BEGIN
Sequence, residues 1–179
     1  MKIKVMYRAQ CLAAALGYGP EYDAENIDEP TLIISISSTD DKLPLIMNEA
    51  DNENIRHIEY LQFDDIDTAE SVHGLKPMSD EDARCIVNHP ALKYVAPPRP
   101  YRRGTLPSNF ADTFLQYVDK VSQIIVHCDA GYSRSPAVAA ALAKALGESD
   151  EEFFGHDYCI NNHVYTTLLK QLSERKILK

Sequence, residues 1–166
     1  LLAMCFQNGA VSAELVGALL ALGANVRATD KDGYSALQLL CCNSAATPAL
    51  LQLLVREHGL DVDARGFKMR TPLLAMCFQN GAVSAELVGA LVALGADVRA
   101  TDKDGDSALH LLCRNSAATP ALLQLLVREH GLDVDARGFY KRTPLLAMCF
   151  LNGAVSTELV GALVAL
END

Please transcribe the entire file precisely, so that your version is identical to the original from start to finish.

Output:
Sequence, residues 1–179
     1  MKIKVMYRAQ CLAAALGYGP EYDAENIDEP TLIISISSTD DKLPLIMNEA
    51  DNENIRHIEY LQFDDIDTAE SVHGLKPMSD EDARCIVNHP ALKYVAPPRP
   101  YRRGTLPSNF ADTFLQYVDK VSQIIVHCDA GYSRSPAVAA ALAKALGESD
   151  EEFFGHDYCI NNHVYTTLLK QLSERKILK

Sequence, residues 1–166
     1  LLAMCFQNGA VSAELVGALL ALGANVRATD KDGYSALQLL CCNSAATPAL
    51  LQLLVREHGL DVDARGFKMR TPLLAMCFQN GAVSAELVGA LVALGADVRA
   101  TDKDGDSALH LLCRNSAATP ALLQLLVREH GLDVDARGFY KRTPLLAMCF
   151  LNGAVSTELV GALVAL